Mr Clarke told me this story when I was interviewing him for The Bishop and the Prisoner, a series for Radio 4 about the prison system. From the point of view of his political opponents — particularly those inside his own party — this anecdote pretty much sums up Mr Clarke. He always was a liberal, keen to cut prison numbers, use “soft” community-sentencing options, and perhaps to subvert the mantra adopted by John Major to “condemn a little more and understand a little less”.
Many people wondered how it was that New Labour delivered a penal policy that turned out to be so punitive. If that was a surprise, then it is even more of a surprise now that it is a Conservative Justice Secretary introducing radical changes that the reform lobby have been advocating for years. Is this because the evidence that prison does not work is now incontrovertible?
When Mr Clarke left the Home Office in 1993, the prison population numbered 44,000. It increased from 61,000 to 85,000 during the 13 years that Labour was in power. In November, it topped 88,000 for the first time.
Some people read these statistics — particularly in the light of falling crime — as proof that prison does work. David Green, from the think tank Civitas, told me that more rather than fewer people should go to prison. And locking people away is indeed one of the purposes of prison: it protects society. It also punishes the offender — although not enough, some suggest, because its success in meeting another of prison’s objectives, that of deterring would-be criminals, is questionable.
What prison clearly fails to do is to rehabilitate enough offenders. More than 60 per cent of those released from prison after short sentences reoffend within a year. Rehabilitation did not work because “nothing does,” Mr Green said. “It’s because they are bad people.”
I met similar pessimism from offenders themselves. Tony, a prolific offender, told me that prison was an inevitable way of life for men like him, and it could not work precisely because it was full of people like him. He wants to keep out of prison now, because he is too old for it. But do we really want to wait until people have wasted their youth before they can start living useful lives?
Mr Clarke’s arguments for sentencing reforms may not sit well with the right wing of his party, but the ill winds of the economic crisis are adding momentum to his sails. The Ministry of Justice has been asked to cut its budget by 23 per cent over the next four years, which means that it has to find savings of more than £1.5 billion.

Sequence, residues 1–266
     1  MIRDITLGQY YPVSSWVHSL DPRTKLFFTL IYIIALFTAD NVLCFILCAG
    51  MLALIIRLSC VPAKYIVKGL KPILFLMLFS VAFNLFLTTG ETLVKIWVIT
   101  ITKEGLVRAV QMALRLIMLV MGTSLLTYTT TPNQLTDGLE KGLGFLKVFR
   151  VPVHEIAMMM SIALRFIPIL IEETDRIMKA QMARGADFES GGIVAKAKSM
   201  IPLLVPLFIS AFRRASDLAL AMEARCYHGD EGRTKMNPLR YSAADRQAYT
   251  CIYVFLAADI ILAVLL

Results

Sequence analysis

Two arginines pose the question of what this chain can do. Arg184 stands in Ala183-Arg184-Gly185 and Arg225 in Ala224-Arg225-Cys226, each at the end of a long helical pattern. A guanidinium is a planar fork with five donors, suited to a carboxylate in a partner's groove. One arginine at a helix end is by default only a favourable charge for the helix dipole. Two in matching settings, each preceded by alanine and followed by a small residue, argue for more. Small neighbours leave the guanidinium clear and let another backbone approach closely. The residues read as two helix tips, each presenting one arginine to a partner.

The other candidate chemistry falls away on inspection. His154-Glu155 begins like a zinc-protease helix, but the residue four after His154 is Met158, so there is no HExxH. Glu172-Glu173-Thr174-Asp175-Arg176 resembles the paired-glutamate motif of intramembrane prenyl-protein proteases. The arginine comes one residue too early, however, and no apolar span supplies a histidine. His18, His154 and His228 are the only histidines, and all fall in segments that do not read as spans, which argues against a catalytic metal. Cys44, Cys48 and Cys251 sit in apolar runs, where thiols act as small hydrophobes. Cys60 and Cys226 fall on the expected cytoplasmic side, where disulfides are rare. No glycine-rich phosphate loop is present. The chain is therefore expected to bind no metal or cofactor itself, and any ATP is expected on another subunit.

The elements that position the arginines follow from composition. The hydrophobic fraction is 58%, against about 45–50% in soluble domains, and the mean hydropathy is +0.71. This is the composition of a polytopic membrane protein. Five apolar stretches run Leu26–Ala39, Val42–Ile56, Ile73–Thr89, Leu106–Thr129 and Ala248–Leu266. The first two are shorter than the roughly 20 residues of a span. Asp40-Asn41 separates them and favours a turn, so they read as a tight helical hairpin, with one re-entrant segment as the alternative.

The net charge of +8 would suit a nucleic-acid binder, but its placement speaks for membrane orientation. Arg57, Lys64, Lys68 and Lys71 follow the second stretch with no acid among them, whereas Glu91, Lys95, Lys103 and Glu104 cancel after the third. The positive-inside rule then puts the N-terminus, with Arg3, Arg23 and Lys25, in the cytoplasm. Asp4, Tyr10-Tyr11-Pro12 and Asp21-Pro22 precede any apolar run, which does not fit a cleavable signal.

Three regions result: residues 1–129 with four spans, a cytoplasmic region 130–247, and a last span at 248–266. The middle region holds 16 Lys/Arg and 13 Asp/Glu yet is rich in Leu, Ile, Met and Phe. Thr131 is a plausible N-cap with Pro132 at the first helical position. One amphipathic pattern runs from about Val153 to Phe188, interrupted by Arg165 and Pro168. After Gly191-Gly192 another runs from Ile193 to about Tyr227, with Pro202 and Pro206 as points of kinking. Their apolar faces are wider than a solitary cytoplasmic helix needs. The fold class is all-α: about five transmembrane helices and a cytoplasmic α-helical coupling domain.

The Prison Reform Trust estimates that the annual cost of a prison place is £45,000; community sentencing is certainly cheaper. There is evidence that it might also be more effective in reducing reoffending.
The perception is that community sentences are soft. Part of the problem is that society seems to think that prison is the only way to punish people — a view that, I think, we should challenge. But it is also true to say that the more rigorous the community sentence, the more likely it is to succeed.
In Liverpool, I have met men who were on a scheme for prolific offenders. They were subjected to regular drug and alcohol testing, and strict monitoring. They welcomed the stringency of the scheme, saying that it was helping them to stay out of prison.
I have also come across an intensive Community Payback scheme, where offenders work 40 hours a week and are under curfew at night. For many, it will be the first time in their lives that they have had to report for work each morning. They are taking pride in their work, and some tough estates are being transformed.
The residents of one of these estates — Westminster, in the north of Liverpool — described how their fears about offenders’ working near by were alleviated once the work began. Soon, they were plying them with tea and biscuits, and the participants were going into their homes to do jobs that never appeared on the schedule of works.
All of this suggests to me that a reason to support community sentencing is because it might change the attitudes of society as well as those who have fallen foul of it. It keeps the orange-jacketed offender in front of us rather than locked away out of sight. As individuals rather than statistics, they challenge the assumptions we make about them.
The law-abiding majority, like the prodigal son’s older brother, is sometimes appalled at a system that gives second, third, and 70-times-seven chances to those who have sinned against God and their neighbour. But, like the older brother, we, too, are asked to believe in the redeemability of the human being.
I hope that Mr Clarke survives any New Year reshuffle.
The Bishop and the Prisoner is to be broadcast on BBC Radio 4 on 9 and 16 January at 8 p.m.